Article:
Nov 1, 2019

Recent Decision Challenges Enforceability of Liquidated Damages Clause

Capital Steel Inc v Chandos Construction Ltd, 2019 ABCA 32 (CanLII)

Bankruptcy is one of the most costly forms of contractor default that can occur on a project. Occurring without notice, a bankruptcy will usually result in multiple liens by unpaid subcontractors and material suppliers and significant project delay.

As with any other form of default, parties may address by contract the consequences of bankruptcy or other similar forms of financial instability. Most standard construction contracts give an owner or general contractor the rights to immediately terminate a bankrupt contractor, complete the work, recover the cost to complete from the bankrupt, and withhold any monies due to the bankrupt until completion.

Another less common form of contractual protection which parties may agree to is a liquidated damages provision that is triggered only in the event of bankruptcy. The enforceability of such a provision was considered in Deloitte Restructuring v. Chandos Construction, 2019 ABCA 32.

The provision at issue was contained in a contract between Chandos Construction, the general contractor for a condominium project, and Capital Steel, a subcontractor responsible for steel-related work. The subcontract had a price of $1.37 million and included a liquidated damages provision which provided that in the event that Capital Steel made an assignment into bankruptcy, Capital Steel would forfeit 10 percent of the contract price to Chandos “as a fee for the inconvenience of completing the work using alternate means and/or for monitoring the work during the warranty period”.

Capital Steel completed the majority of its subcontract work and Chandos made payments totaling approximately $1.22 million. However, prior to completion, Capital Steel filed for bankruptcy.

In response to Capital Steel’s bankruptcy, Chandos exercised the liquidated damages provision against Capital Steel, claiming that Capital Steel was obliged to forfeit 10% of the contract price to Chandos. As a result of the 10 percent forfeiture and the offset of the relatively minimal cost to Chandos to complete the subcontract work, Chandos became a net creditor to Capital Steel with a $10,500 claim provable in the bankruptcy proceedings.

Deloitte Restructuring was appointed as the trustee in bankruptcy for Capital Steel’s estate. Deloitte applied to the Court of Queen’s Bench for directions as to whether Chandos was entitled to rely on the liquidated damages provision. Deloitte contended that the provision conflicted with bankruptcy law and the common law anti-deprivation rule as it had the effect of depriving Capital Steel’s other creditors of value otherwise available to them while effectively directing value to Chandos, an unsecured creditor in Capital Steel’s bankruptcy.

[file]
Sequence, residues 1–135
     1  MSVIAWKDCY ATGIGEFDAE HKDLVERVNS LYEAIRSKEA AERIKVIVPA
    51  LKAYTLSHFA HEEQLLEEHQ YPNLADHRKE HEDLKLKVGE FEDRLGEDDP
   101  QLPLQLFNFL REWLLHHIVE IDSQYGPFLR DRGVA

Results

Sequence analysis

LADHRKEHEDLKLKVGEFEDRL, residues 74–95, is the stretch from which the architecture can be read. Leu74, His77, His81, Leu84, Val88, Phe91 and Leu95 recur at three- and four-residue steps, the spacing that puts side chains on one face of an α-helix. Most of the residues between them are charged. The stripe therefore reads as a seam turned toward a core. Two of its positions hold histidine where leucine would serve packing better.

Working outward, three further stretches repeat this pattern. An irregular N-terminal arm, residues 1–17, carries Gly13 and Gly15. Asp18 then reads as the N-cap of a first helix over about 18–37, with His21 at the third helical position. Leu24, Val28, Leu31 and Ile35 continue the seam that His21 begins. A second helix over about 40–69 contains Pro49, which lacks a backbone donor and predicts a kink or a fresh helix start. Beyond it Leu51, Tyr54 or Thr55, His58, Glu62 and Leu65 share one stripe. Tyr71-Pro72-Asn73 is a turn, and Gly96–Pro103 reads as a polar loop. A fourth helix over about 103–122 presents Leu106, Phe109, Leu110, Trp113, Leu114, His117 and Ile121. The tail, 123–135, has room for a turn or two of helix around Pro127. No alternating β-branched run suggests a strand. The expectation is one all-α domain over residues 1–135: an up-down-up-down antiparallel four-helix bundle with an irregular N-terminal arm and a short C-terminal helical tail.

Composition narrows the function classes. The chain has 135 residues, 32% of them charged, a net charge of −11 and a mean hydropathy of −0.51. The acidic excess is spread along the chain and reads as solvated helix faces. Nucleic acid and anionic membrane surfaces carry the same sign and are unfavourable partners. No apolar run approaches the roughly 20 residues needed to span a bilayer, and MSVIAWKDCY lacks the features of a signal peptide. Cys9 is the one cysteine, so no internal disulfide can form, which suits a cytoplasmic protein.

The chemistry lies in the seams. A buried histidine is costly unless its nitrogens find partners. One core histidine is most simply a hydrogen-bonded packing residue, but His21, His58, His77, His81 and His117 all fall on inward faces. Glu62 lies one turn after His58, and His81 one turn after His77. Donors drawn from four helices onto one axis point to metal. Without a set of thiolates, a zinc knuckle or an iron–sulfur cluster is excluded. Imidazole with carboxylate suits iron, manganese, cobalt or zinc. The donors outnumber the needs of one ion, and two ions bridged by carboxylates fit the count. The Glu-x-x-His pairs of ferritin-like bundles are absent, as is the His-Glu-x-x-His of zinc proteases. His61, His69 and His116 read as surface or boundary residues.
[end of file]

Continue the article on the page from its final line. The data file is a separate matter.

In the Court of Queen’s Bench proceedings, Chandos maintained that it was entitled to enforce the provision on the basis that it was an enforceable liquidated damages clause. The chambers judge agreed, finding that the provision was a genuine pre-estimate of damages, which imposed liquidated damages and not a penalty. He also held that the provision represented a bona fide commercial transaction that did not have as its predominant purpose the deprivation of Capital Steel’s property. In short, Chandos could enforce the clause against Deloitte.

On appeal, a majority of the Court of Appeal disagreed with the court below and allowed the appeal. The Court held that the provision offended the common law anti-deprivation rule, which the majority found to have originated in English law and to have been adopted into Canadian law. The Court explained that the anti-deprivation rule prevents parties from agreeing to remove property from a bankrupt’s estate in the event of insolvency that would have otherwise vested in the trustee.

The Court of Appeal held that Canadian law established that the application of the anti-deprivation rule requires a court to adopt an effects-based approach when assessing the enforceability of a particular contractual provision. As such the Court rejected Chandos’ argument advocating a purpose-based assessment which would examine the purpose of the provision rather than its effect. Chandos had contended that the liquidated damages provision was part of a good faith commercial transaction which did not have as its predominant purpose the deprivation of the property of one of the parties on bankruptcy.

The Court held that the anti-deprivation rule applies to provisions that operate in the event of insolvency and, in effect, remove value from a bankrupt’s estate to the prejudice of the bankrupt’s creditors.

Applying the anti-deprivation rule, the Court held that the liquidated damages provision in issue was invalid as it effectively redirected money owed to Capital Steel to Chandos, thereby prejudicing Capital Steel’s other creditors. The Court noted, however, that this determination did not affect Chandos’ other rights triggered by Capitial Steel’s bankruptcy to complete the work, recover the cost to complete, and to withhold monies until completion.

The dissenting judge in the Court of Appeal disagreed that the provision could not be enforced. He reasoned that there was no common law anti-deprivation rule as the provisions of the federal Bankruptcy and Insolvency Act occupied the field. He further reasoned that the principles of party autonomy and freedom of contract should be given paramount primacy. He reasoned that the provision in issue should be enforced unless it manifests a blatant attempt to hijack the bankrupt’s property and defeat the legitimate interests of the bankrupt’s creditors, which he did not find to be the case.

The final result of this case remains to be determined. In July 2019, the Supreme Court of Canada granted leave to appeal.